What is wrong with multiple employees creating multiple social media accounts? (In the company’s name)
For one, it can make the business look silly and unprofessional. Professionalism and Reputation are of primary importance in order to win the battle for online customers today. And if the company’s employees are creating self-styled versions of the company across the Internet, it could put people off, and perhaps encourage them to shop elsewhere. And that has a direct cost in lost sales.
Sales and marketing oriented employees probably see no risk in social media. To these types, there is only upside to more exposure. However business owners should take a more balanced view. A clear understanding of the down-side to social media should cause even the giddy to sober-up.
Here is only one now famous faux pax if you need an example of what can go wrong when employees create social content online. The losses can be in the millions for large companies, but no business thinks any losses are inevitable or acceptable because of inappropriate employee behavior.
And it doesn’t have to be so blatantly stupid (as the above example) to costs too much. If the potential customer sees only an unprofessional online representation of the company, that may be enough to cause damage in lost sales.
We want to focus here on the effect this has on search engine results. Can the employee cause damage to the search rank of the company and thereby loose business by creating a social media account? The answer is absolutely, yes.
When multiple employees create their very own version of the company’s social media profile, this duplication can cause the search engines to suspect foul-play. Imagine each employee gets the bright idea to create (in the company’s name) a Google+ Page, a Facebook account, a Twitter account, and a Printrest account, then multiply that by how many employees? What could possibly go wrong?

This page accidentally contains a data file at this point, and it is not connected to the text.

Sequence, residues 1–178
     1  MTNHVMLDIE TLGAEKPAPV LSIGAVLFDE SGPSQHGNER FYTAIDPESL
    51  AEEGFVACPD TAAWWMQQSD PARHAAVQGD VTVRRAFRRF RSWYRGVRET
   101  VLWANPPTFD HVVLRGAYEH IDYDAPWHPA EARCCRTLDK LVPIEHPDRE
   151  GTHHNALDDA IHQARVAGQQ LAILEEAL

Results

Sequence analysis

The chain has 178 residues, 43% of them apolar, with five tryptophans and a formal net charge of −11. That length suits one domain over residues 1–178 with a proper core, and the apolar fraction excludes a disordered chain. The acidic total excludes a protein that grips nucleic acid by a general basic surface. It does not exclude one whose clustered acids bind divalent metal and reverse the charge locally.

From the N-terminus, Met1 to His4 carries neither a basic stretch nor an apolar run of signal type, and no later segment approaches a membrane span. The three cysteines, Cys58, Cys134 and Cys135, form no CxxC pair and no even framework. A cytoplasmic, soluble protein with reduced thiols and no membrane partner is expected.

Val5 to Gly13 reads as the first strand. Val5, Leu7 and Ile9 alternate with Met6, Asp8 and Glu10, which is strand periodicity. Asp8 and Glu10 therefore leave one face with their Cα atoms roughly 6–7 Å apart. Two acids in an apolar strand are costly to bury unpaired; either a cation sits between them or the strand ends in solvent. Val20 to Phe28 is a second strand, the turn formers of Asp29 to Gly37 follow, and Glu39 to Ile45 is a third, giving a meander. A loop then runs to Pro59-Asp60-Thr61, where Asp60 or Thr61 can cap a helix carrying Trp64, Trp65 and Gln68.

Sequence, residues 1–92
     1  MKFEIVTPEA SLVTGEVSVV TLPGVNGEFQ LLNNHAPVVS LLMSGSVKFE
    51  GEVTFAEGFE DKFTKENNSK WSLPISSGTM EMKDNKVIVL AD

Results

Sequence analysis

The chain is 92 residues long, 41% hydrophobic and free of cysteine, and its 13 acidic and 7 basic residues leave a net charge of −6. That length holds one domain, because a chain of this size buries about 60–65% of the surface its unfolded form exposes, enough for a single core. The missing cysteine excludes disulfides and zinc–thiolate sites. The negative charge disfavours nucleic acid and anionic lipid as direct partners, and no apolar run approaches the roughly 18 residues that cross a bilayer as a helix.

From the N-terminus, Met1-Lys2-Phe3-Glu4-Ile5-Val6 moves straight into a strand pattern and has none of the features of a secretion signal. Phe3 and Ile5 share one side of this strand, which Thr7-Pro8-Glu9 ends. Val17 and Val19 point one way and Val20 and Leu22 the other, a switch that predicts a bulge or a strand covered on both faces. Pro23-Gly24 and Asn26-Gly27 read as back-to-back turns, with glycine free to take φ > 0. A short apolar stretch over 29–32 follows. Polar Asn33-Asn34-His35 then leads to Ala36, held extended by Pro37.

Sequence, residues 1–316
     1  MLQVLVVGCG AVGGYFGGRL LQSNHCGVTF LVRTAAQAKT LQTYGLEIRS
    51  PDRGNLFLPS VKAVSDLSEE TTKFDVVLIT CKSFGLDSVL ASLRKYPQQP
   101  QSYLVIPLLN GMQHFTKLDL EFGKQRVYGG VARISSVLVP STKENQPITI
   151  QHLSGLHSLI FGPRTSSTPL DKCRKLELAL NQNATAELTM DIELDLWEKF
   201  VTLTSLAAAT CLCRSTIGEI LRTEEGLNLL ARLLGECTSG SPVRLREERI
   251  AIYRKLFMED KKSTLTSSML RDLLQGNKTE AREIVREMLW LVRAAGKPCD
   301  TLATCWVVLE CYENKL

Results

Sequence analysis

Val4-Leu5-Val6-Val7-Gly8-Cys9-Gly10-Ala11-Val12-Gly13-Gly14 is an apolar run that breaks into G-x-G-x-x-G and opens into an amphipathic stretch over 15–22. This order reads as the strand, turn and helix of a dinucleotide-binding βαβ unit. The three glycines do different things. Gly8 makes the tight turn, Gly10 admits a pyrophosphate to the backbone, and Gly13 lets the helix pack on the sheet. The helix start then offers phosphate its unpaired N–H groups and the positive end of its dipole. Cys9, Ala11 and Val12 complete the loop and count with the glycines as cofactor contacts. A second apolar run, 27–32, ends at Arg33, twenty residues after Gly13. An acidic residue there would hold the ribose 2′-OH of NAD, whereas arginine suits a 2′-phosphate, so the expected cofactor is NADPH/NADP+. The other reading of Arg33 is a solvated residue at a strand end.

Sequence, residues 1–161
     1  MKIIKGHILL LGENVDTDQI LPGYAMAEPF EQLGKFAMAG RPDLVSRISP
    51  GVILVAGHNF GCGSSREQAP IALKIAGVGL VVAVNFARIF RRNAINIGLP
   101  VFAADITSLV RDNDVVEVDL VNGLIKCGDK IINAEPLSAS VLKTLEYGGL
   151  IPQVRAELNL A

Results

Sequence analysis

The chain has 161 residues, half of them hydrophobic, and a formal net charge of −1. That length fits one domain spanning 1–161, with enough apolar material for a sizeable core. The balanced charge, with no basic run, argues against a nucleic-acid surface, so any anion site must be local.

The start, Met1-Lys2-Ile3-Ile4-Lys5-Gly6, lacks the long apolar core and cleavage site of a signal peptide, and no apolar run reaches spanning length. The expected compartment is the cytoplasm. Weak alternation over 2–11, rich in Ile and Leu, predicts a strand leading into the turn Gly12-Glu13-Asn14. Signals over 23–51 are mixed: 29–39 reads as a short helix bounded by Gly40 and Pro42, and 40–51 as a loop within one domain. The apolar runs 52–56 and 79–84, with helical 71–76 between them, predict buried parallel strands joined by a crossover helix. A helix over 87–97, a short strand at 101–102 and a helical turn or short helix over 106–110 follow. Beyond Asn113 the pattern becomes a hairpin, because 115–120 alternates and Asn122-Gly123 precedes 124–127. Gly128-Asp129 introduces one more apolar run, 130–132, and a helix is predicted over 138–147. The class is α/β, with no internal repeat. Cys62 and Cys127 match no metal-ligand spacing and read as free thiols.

(We assume) The company already has appropriate social media accounts. A duplicate is not better than one. If there are many, Google now thinks you are trying to con them into giving you double the visitors (or something smells fishy). That is why it is generally called SPAM. And this can cost the business search rank, which equates to fewer visitors, which means fewer sales. (Many search engines are not as particular as Google, but Google delivers @70% of your natural traffic. So we must understand how Google sees things.)
The business that gets the top spot in search results is the business that has 100% correct and correlated data online. That means clean, organized, one of everything, T’s crossed and i’s dotted and maybe even optimized for search engines. This is a clear case where quality wins and excess can hurt.
Employee Policy in the Age of Social Media
The employee is not the owner of the business. But a social media account gives them just such status. In light of this understanding, there is only one way a business can treat social media.
Daniel Handman of employment law firm Hirschfeld Kraemer LLP told Bloomberg Law, “social media policies are now just as necessary for employers as discrimination, leave, and vacation policies.”